노을, 마음에 드네
I was inspired by katie_k’s recent post about her favorite word in Russian, бессмысленный, and thought I’d add my own. For some reason I started hearing this word echo in my mind recently…I don’t know why it is that it resonates so much with me. It wasn’t written in a poem that I read about the end of an era; it wasn’t whispered in my ear as I watched the sun go down; nor does it sound like a word I know in the other fragments of language that move through my head.
Yet here it is:
… ㄴ = the consonant “n”, and ㅗ = the vowel “oh”, so the first syllable sounds like the English “no”.
… ㅇ = a placeholder, not pronounced; ㅡ = the vowel “eu”, a “u” sound pronounced like you’re smiling, with a long narrow mouth; ㄹ = “l” or “r” or somewhere in between. So the second syllable is “eul”.
Say them together and it’s a two-syllable word, no-eul. The glow in the sky after sunset, or before dawn. Dusk, twilight, these words are close. But isn’t it amazing that one word, 노을, can describe the morning or night? The glow is the same.
Actually, we all know that it’s not the same at all. Yahoo’s Korean dictionary defines scenes so particular that we might feel we’ve seen such things only in the movies:
- 하늘에 빛을 발하는 이상한 노을이 있었다 = There was a strange luminescent glow in the sky
- 하늘의 붉은 노을 = a ruddy glow in the sky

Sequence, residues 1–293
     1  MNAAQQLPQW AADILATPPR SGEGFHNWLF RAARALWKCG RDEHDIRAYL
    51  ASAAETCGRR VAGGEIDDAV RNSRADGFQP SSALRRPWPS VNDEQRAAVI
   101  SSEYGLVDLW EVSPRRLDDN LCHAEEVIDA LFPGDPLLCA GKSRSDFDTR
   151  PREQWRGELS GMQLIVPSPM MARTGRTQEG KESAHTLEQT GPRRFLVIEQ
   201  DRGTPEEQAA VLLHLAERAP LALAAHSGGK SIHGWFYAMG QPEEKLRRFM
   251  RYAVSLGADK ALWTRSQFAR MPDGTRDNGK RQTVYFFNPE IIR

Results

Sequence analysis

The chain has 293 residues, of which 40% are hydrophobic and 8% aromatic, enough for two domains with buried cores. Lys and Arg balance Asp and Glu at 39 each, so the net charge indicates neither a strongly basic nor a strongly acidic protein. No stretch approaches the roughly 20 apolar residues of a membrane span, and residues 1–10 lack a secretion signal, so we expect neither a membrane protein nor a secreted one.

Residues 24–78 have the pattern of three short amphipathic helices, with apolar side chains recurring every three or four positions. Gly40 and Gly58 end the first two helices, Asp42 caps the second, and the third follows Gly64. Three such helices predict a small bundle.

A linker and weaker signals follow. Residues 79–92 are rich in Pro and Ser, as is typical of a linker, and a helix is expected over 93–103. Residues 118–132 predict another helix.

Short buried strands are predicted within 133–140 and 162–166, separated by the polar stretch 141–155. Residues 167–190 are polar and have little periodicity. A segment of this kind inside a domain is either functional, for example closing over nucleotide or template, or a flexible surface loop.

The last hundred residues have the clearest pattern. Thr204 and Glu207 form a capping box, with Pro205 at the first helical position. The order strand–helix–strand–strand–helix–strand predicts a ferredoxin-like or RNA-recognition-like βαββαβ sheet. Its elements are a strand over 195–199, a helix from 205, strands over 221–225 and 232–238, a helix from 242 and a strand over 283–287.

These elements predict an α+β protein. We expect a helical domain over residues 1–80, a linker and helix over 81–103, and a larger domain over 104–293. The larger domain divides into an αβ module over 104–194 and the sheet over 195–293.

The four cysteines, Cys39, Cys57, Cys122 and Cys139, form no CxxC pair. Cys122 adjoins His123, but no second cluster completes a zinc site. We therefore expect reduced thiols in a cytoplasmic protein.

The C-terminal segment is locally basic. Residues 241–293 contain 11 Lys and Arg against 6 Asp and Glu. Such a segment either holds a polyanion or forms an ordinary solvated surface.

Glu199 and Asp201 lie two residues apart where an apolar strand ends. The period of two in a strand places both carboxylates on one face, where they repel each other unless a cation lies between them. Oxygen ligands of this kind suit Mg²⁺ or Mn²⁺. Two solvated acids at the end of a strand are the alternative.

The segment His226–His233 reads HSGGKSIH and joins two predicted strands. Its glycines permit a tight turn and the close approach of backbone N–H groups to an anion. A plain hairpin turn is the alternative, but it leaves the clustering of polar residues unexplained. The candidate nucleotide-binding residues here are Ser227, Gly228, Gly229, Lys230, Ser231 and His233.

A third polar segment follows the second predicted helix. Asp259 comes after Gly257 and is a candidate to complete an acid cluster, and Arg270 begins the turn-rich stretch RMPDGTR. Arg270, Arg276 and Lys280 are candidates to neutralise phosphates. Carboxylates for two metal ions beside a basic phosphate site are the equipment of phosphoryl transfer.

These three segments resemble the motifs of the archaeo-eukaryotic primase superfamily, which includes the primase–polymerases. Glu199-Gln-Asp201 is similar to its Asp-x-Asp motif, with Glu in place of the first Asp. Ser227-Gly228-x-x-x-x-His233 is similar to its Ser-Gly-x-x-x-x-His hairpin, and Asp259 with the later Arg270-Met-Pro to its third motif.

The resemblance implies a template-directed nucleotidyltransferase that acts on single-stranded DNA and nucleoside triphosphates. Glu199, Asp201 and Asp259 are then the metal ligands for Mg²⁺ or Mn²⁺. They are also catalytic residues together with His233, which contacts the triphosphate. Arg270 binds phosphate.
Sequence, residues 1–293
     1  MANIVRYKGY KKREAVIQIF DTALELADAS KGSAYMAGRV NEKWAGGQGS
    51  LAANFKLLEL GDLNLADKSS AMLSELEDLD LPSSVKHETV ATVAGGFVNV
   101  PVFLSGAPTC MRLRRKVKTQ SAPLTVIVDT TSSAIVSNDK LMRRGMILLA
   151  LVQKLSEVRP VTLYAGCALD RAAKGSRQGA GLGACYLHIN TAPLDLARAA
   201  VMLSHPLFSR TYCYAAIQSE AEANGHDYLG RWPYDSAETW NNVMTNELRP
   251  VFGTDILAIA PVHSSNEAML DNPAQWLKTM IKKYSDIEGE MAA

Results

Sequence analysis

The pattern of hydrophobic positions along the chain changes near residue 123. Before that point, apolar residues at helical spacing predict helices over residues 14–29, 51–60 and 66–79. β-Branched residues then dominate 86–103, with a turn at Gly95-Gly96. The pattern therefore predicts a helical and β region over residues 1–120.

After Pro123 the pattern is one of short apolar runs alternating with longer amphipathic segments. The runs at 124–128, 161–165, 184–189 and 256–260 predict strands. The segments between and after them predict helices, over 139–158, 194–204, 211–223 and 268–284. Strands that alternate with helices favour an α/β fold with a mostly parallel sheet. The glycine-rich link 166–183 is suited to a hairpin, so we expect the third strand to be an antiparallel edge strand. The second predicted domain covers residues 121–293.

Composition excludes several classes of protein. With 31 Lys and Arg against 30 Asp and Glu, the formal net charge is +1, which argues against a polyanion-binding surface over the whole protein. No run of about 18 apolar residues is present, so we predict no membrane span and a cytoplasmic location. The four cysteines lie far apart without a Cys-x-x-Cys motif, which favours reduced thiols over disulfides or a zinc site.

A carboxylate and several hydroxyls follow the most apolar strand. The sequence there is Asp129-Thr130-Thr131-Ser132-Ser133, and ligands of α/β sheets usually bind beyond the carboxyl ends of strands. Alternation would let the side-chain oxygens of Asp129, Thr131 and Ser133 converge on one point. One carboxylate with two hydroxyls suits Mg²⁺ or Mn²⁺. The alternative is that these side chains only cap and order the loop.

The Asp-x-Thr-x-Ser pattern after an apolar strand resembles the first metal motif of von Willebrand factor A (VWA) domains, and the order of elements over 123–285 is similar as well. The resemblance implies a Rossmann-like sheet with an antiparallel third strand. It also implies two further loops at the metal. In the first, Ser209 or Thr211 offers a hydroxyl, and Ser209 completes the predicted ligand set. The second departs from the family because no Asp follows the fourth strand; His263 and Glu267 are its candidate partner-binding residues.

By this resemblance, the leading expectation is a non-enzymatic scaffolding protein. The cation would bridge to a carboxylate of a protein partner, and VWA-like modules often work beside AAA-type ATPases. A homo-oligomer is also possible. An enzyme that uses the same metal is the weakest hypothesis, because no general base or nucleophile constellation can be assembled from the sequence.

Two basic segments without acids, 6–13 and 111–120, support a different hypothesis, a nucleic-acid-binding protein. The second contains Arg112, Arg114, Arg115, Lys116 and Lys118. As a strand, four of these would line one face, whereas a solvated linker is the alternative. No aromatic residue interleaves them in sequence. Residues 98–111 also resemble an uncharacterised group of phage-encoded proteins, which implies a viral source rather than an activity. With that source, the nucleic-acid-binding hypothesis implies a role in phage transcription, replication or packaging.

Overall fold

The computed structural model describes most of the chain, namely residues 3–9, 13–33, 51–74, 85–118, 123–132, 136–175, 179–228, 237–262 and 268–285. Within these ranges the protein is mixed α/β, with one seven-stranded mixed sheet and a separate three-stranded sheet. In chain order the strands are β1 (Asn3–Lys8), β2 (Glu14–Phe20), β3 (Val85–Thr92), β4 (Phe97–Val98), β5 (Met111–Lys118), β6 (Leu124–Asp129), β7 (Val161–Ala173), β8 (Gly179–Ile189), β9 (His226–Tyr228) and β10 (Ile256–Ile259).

I have images in my head of the sunsets and sunrises that it evokes; they’re not necessarily the stuff of postcards, to be sure. I see the sun, the remnants of the sun, a sliver of the sun, a split second glimpse through a few high rise buildings; settling into the haze above the rough peaks off to the west; oranges, reds, yellows melting into a grey sea with the silhouettes of a few ships visible in the distance. Sunsets and sunrises, beginnings and ends, brought together in this one word, never ceasing to give pause for reflection and, yes, beautiful wherever, whenever I see them. Is that because when we’re looking at one, we’re also seeing the other?
노을. Sometimes shortened to the one syllable, “놀”, though I was reprimanded once by a friend with exquisite literary sense for shortening it so brutishly. Just saying the word is pleasurable, the way the vowels flow into each other, and the way the word ends (or should I say, the word sets) into the final ㄹ, a warm fade-away before the next word rises.
Here it is in a song, one of the first songs that introduced me to the Korean language, Yoon Jong Shin (윤종신 )’s “이층집 소녀” (The girl from the 2-story house). He sets the scene in the first line before he sings the song of his childhood love:
저녁 교회 종소리 노을에 퍼지고… (The sound of the church bells spreads throughout the evening dusk…)